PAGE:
Patent Problem

The Economist: Monopolies of the mind

Patents, said Thomas Jefferson, should draw “a line between the things which are worth to the public the embarrassment of an exclusive patent, and those which are not.” As the value that society places on intellectual property has increased, that line has become murkier—and the cause of some embarrassment, too. Around the world, patent offices are being inundated with applications. In many cases, this represents the extraordinary inventiveness that is occurring in new fields such as the internet, genomics and nanotechnology. But another, less-acceptable reason for the flood is that patent offices have been too lax in granting patents, encouraging many firms to rush to patent as many, often dubious, ideas as possible in an effort to erect legal obstacles to competitors. The result has been a series of messy and expensive court battles, and growing doubts about the effectiveness of patent systems as a spur to innovation, just as their importance should be getting bigger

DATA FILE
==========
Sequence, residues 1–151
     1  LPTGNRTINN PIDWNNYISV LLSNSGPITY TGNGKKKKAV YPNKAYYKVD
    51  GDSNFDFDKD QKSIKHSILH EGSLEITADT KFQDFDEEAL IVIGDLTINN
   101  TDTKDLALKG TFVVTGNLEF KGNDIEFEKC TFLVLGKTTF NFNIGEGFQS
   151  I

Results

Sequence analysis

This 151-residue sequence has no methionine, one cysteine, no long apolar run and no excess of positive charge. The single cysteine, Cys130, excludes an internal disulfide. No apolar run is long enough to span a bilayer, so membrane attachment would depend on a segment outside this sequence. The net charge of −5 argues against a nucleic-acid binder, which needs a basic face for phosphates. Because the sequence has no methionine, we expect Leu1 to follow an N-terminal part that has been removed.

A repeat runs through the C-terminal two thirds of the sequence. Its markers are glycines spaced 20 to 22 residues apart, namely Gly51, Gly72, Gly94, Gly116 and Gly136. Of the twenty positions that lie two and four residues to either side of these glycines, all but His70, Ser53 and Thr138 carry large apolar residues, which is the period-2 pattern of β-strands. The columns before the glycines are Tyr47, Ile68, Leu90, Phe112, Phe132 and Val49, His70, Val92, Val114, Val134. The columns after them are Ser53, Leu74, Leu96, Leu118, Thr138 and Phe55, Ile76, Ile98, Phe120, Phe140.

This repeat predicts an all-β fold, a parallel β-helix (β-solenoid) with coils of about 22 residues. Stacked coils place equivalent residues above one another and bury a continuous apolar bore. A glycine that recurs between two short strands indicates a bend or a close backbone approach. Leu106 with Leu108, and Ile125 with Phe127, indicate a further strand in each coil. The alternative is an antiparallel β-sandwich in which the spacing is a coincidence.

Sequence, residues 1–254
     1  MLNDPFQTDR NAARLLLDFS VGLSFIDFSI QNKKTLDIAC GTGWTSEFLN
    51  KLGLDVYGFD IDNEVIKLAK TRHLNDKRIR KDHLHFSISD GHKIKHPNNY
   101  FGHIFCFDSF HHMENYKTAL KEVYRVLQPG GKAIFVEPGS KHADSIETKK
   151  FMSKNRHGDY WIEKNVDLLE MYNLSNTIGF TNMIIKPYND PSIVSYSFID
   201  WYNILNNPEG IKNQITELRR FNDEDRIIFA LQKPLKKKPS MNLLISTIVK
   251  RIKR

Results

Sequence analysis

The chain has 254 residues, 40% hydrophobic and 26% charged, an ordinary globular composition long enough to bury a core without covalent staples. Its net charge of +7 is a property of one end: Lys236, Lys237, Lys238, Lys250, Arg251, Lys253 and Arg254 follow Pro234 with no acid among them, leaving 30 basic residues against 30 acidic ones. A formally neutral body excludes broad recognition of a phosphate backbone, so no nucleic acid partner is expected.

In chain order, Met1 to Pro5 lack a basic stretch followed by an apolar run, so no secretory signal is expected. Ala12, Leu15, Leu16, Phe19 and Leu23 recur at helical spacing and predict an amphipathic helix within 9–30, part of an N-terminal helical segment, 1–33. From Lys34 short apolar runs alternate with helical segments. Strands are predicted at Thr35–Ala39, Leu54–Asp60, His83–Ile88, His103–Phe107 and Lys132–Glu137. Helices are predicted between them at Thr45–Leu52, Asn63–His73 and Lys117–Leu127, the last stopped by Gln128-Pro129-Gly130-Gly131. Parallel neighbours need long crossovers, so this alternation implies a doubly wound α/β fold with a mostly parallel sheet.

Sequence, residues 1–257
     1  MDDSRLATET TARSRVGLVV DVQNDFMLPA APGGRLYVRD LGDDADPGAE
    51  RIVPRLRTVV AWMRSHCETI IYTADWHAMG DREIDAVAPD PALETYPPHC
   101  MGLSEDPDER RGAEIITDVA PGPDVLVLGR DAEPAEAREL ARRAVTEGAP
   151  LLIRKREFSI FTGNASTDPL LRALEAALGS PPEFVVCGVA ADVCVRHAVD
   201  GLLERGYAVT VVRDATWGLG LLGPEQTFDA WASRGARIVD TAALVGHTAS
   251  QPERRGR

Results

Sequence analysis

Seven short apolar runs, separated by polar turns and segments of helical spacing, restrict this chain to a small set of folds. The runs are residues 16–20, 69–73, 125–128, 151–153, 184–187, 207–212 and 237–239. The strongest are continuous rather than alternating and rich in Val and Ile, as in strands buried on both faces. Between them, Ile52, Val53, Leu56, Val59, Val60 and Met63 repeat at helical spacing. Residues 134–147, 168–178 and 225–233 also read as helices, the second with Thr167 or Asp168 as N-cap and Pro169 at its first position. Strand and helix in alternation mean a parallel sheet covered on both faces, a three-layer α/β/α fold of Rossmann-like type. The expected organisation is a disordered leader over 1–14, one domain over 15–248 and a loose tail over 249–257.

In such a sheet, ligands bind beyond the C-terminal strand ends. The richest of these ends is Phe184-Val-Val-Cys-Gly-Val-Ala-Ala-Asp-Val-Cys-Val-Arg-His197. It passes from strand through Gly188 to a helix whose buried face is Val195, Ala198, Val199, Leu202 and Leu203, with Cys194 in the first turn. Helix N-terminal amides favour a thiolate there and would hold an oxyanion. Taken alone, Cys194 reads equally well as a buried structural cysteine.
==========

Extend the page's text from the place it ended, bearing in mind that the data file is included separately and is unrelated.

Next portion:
One Comment

  1. software patent armageddon

    After reading rms’s guardian article on software patents, I’ve come to the conclusion that we’re doomed. With so many respected people speaking out regarding patents (domestic and world-wide), you would think that someone would listen. Industry seems …

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